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There are 24 pages total including detailed explanations of the "no-note" system, regular music notation, tempo and a few basic chords. The song list includes these copyright-free titles in order of appearance: She'll Be Coming Round The Mountain; The Cowboy at Church; The Texas Cowboy; The Cowboy; Whoo-pee Ti Yi Yo; Jack o' Diamonds; The Dreary, Dreary Life; Utah Carroll; The Old Chisholm Trail; Cowboy's Meditation; Red River Valley; I've Been Working On The Railroad; The Dying Cowboy; The Dying Ranger; Sweet Betsy From Pike. I'll caption the above posts. (Forward, inside front cover)

I'll go ahead and scan all the pages and perhaps when Baxter isn't so busy changing diapers he can post the entire book in the memorabilia section.

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I love this kind of stuff too, lx. It's cool to look back on how things were advertised years ago, and what's not to like about an old cowboy songbook?

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Posting the pages would be great - I'd like to get a higher-res version of a tab page that shows the headstock connecting with the tab lines.

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I seriously love this kind of stuff, thanks for sharing

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Awesome stuff. Thanks for sharing.

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Wow man, that's great. Thanks. Wildeman

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Very nice find! I love this old Gretsch weirdness, which wasn't really weird at the time. It's just stuff that Gretsch doesn't do anymore.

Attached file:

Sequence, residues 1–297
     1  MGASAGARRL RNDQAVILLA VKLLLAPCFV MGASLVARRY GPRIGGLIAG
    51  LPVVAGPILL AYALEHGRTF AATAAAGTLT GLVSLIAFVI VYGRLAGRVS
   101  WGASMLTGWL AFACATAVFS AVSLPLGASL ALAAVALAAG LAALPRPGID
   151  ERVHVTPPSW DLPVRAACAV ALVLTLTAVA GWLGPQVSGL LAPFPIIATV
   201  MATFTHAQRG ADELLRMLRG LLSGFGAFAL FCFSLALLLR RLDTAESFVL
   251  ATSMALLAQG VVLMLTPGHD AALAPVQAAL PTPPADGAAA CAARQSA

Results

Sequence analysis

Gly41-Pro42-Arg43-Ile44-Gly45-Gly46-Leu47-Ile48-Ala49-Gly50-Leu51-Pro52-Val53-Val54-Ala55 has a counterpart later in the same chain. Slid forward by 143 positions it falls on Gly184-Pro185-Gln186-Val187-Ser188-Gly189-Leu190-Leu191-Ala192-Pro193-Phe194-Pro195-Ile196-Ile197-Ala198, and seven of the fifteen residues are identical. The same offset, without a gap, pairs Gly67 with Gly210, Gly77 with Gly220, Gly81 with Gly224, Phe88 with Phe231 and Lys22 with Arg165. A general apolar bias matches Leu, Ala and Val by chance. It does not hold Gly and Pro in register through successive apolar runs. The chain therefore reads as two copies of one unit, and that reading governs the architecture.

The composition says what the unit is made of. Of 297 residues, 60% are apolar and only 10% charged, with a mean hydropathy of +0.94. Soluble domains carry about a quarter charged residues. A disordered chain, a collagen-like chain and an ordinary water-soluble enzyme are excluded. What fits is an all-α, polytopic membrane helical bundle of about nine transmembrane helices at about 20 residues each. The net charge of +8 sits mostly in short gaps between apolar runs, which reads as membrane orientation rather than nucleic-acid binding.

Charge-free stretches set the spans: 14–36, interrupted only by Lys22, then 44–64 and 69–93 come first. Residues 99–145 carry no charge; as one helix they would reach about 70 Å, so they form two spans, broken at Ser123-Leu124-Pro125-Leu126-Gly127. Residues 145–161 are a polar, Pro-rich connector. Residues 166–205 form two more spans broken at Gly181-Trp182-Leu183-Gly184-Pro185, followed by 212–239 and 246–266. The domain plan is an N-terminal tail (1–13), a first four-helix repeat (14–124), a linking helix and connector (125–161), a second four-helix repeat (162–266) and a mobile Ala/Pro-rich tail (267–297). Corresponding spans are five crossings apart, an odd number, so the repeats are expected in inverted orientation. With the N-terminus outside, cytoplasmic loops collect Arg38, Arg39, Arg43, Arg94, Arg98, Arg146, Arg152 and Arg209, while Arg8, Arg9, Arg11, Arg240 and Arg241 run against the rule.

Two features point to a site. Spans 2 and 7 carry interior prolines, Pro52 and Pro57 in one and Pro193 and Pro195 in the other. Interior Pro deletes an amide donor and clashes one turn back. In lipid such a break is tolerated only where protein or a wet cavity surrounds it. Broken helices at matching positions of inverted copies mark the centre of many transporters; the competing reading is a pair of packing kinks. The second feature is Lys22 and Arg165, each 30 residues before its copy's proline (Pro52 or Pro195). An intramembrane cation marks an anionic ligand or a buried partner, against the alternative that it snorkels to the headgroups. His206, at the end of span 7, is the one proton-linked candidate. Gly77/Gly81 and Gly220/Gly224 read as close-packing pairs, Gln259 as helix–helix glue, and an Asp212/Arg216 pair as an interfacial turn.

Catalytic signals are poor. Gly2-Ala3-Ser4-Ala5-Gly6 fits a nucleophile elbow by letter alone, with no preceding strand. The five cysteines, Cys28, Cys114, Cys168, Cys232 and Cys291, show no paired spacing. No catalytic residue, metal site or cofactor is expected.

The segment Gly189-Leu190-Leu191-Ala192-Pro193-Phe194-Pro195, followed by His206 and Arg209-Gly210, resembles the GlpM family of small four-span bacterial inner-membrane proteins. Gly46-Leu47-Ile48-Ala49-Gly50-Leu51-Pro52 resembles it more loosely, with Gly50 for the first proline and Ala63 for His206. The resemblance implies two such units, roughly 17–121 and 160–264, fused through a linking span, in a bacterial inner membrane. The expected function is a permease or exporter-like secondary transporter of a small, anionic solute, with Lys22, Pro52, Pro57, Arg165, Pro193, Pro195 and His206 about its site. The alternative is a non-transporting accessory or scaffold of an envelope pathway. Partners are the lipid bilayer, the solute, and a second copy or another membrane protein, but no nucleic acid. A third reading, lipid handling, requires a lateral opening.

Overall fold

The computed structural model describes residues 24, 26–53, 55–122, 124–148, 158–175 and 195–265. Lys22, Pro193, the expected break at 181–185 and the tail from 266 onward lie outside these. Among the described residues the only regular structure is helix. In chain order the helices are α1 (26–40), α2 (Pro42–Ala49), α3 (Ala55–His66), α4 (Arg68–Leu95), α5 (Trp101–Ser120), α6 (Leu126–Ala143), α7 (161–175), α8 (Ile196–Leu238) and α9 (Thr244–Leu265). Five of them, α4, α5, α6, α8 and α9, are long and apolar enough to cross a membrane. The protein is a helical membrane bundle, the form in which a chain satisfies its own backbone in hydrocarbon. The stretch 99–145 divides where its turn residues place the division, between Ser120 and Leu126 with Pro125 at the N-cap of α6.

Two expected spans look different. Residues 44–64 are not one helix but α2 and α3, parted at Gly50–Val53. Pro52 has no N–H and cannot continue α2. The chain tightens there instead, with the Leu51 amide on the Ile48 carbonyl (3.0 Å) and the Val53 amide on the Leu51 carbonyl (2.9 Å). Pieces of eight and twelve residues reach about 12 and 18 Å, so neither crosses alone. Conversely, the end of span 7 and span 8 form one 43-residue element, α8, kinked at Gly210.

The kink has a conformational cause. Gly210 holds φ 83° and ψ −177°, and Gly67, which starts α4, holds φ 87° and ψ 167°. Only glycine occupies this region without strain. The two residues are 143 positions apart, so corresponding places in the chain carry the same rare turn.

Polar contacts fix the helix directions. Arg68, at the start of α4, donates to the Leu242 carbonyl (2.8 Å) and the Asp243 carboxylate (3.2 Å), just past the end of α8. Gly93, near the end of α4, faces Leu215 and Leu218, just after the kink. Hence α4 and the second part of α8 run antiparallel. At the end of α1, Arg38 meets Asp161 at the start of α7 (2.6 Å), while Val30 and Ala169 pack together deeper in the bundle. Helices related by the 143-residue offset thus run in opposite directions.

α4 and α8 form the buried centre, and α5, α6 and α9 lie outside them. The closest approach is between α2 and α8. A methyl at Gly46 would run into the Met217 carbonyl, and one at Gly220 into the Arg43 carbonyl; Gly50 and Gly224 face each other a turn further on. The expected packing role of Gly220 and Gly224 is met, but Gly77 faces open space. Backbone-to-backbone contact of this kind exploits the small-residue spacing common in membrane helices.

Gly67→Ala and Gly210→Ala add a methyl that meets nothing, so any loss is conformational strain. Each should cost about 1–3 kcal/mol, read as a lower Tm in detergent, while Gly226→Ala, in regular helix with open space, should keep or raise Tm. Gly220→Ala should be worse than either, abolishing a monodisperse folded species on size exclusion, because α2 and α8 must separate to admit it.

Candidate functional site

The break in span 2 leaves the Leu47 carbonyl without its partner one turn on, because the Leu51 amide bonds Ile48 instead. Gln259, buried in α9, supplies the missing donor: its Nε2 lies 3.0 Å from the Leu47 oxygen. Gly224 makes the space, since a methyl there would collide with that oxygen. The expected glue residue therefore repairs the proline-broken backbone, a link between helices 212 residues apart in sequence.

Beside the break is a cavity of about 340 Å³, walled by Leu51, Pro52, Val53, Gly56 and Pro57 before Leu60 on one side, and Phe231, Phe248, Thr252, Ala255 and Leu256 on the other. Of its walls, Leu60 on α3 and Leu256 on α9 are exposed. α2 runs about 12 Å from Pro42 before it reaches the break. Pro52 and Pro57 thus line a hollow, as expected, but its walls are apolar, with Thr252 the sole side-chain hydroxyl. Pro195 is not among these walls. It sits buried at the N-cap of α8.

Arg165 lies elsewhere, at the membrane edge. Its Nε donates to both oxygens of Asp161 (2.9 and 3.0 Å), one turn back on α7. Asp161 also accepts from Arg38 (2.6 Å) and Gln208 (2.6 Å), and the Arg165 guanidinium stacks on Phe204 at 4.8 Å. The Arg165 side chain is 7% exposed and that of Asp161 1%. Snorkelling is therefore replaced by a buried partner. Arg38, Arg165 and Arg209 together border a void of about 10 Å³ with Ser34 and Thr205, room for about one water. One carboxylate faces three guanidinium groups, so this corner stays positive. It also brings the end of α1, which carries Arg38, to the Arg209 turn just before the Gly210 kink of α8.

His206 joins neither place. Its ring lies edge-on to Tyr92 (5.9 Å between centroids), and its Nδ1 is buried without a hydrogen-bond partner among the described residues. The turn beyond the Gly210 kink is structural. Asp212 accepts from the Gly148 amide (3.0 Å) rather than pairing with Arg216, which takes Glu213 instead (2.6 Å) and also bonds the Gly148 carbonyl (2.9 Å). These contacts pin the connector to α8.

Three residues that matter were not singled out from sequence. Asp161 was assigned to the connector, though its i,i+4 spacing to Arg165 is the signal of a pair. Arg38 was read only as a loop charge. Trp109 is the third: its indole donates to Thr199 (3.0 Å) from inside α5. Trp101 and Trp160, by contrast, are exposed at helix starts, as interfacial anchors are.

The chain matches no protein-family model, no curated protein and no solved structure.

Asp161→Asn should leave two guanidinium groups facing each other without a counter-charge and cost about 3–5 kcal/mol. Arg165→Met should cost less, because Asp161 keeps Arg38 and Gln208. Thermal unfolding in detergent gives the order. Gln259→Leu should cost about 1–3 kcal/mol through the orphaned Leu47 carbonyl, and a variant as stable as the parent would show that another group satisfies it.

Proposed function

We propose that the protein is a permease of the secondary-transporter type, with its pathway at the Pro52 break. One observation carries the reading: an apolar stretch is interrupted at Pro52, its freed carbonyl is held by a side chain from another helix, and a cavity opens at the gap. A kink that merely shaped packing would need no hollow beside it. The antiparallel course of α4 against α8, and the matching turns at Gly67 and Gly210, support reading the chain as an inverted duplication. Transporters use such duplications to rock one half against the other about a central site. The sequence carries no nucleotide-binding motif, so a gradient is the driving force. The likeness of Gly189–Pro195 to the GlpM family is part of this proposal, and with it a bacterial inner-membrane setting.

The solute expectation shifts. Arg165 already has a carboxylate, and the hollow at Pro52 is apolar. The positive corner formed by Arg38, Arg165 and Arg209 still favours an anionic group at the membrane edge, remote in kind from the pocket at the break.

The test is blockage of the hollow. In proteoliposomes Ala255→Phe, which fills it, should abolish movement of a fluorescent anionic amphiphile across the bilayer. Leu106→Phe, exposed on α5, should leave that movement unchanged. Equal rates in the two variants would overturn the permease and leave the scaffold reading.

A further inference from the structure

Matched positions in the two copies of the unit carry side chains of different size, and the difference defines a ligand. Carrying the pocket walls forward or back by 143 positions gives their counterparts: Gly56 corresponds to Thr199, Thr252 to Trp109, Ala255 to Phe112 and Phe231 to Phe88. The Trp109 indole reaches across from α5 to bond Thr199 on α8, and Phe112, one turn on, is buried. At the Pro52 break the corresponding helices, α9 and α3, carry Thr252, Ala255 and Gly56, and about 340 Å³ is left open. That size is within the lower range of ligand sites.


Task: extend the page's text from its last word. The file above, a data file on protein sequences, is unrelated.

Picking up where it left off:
I supposed that if that Gretsch Musical Comb does ever pop up on ebay, it will be you and me in a proxy fight for it.

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Very nice find! I love this old Gretsch weirdness, which wasn't really weird at the time. It's just stuff that Gretsch doesn't do anymore.

I supposed that if that Gretsch Musical Comb does ever pop up on ebay, it will be you and me in a proxy fight for it.

– Tartan Phantom

Maybe we could come to a Country Gentleman's agreement beforehand....

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Posting the pages would be great - I'd like to get a higher-res version of a tab page that shows the headstock connecting with the tab lines.

– nielDa

Here's a close-up of the Gretsch Synchromatic headstock tablature guide. The end of the bar has the strings numbered; I'll do another scan and another close-up of that later. Tablature was not around when I was trying to learn in the '70's; just inaccurate off-key transpositions, e.g. Norwegian Wood in G. Not a big deal for real musicians but quite frustrating for the beginner. If there is an earlier form of printed guitar tablature anywhere, I'd like to see it.

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Here's a close-up of Harry's Synchromatic 400 "Volpe Special". You can just barely make out the "special" below the "Volpe." His tribute page alludes to him having something to do with the design of the 400. This didn't make sense since the 400 came about 1939 when Harry was still playing a Gibson, soon to switch to the regular Synchro 400 Blonde Catseye seen on the Forward page, (probably the one Django played in '47). Perhaps he did have something to do with the triangular (aka "French") soundhole which Fred Gretsch patented in '41.